The opinion of the court was delivered by: Hurley, Senior District Judge
Plaintiffs Sonia Fordham ("Plaintiff" or "Fordham") and John Fordham ("John Fordham") commenced this action alleging violations of the Age Discrimination in Employment Act ("ADEA"), 29 U.S.C. § 621 et seq. and the New York State Human Rights Law "NYSHRL"), N.Y. Exec. Law § 296, et seq. , as well as other state and common law causes of action.*fn1 Presently before the Court is the motion of Defendants Islip Union Free School District (the "District") and Diane Druckman ("Druckman") (collectively "Defendants") to dismiss the complaint pursuant to Rule 12(b)(6) of the Federal Rules of Civil Procedure.*fn2 For the reason set forth below, the motion is granted in part and denied in part.*fn3
The following allegations are taken from the complaint. To the extent they are factual and non-conclusory, they are presumed true for purposes of this motion.*fn4
Plaintiff, who was born in 1948, was hired by the District in 1992 as a first grade teacher; she received tenure in 1994. (Compl. ¶¶ 8,17, 18.) Since 1995 Plaintiff has been assigned to teach first grade at the Wing Elementary School where her immediate supervisor has been Druckman, principal of the school. Throughout her employment with the District, Plaintiff has received favorable evaluations and in 2006 was honored as "Educator of the Year" by the Islip Children's Endowment. (Id. ¶¶ 19-21.)
During the 2006/2007 school year, the District provided the faculty with information concerning learning centers; Druckman advised Plaintiff that she was not required to incorporate learning centers into her classroom. (Compl. ¶¶ 22-23.) In March 2007, Druckman questioned Plaintiff about the amount of classroom time she used for arts and crafts. At a meeting held the following month, Druckman requested that Plaintiff limit arts and crafts in her classroom. (Id. ¶¶ 24-25.)
Druckman scheduled a plan book meeting with Plaintiff for April 25, 2007 and advised her to have a union representative present. According to Plaintiff, the meeting was conducted in a "harassing and demeaning manner in retaliation" for Plaintiff's efforts (1) "to voice her professional views on the use of arts and crafts in the classroom," (2) "to have 'Stop' signs replaced at the school which were missing," and (3) "have asbestos tiles removed from an instructional wing" of the school. (Compl. ¶¶ 26-28.) Plaintiff also claims that the tenor of the meeting was intended to "encourage and/or force" her to retire at the end of the year. (Compl. ¶ 29.)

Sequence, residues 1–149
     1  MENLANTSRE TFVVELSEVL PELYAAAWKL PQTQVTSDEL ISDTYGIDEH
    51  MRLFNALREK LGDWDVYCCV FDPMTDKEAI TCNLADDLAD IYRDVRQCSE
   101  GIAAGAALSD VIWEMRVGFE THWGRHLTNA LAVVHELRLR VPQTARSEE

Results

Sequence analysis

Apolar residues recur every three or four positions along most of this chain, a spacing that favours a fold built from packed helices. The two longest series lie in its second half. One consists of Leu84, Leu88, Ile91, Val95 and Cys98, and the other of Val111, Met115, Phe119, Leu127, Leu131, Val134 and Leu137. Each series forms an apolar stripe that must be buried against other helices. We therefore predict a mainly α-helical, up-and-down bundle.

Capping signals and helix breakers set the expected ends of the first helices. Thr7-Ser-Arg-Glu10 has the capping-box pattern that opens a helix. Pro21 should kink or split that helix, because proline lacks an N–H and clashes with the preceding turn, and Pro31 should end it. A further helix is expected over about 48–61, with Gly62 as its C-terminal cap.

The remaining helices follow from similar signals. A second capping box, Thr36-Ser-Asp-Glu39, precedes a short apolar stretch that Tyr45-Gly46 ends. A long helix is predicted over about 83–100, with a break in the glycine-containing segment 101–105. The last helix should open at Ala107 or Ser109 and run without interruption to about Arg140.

On June 8, 2007 Druckman, "with malice, prepared an email and on June 11, 2007 caused said email to be widely distributed and disseminated throughout Wing Elementary School. " (Compl. ¶ 30.) The e-mail states in relevant part:
And thank you for listening to me yesterday . . . especially about SF. I know she is meeting with you to indicate what a fine teacher she is and how her students are doing so well . . . but she has some students she would like to retain and others are not doing "so well" and in her model (she has sideways rows of 4 since the BER conference) she never can read with them alone more than 2/week . . . others are able to read with their lowest daily . . . it's the parents fault since they have rejected retention. Just the thought of her revs me up . . . thanks for doing your magic to remind her of the expectations for next year from "the educator of the year." That may help to deal the deal. Have a super day. (Compl.¶ 30 & Ex. A.)
On June 19, 2007, Plaintiff received an end of year evaluation in which Druckman claimed disappointment that Plaintiff had not used learning centers during the school year despite having twice assured Plaintiff that she was not required to incorporate them. (Compl. ¶ 32.)
During the summer of 2007, Plaintiff's counsel wrote to both the District and the District's attorneys to "advise" them of "the adverse, harassing and discriminatory actions being taken by . . . Druckman against [Plaintiff] because of her age. " (Compl. ¶¶33-34.)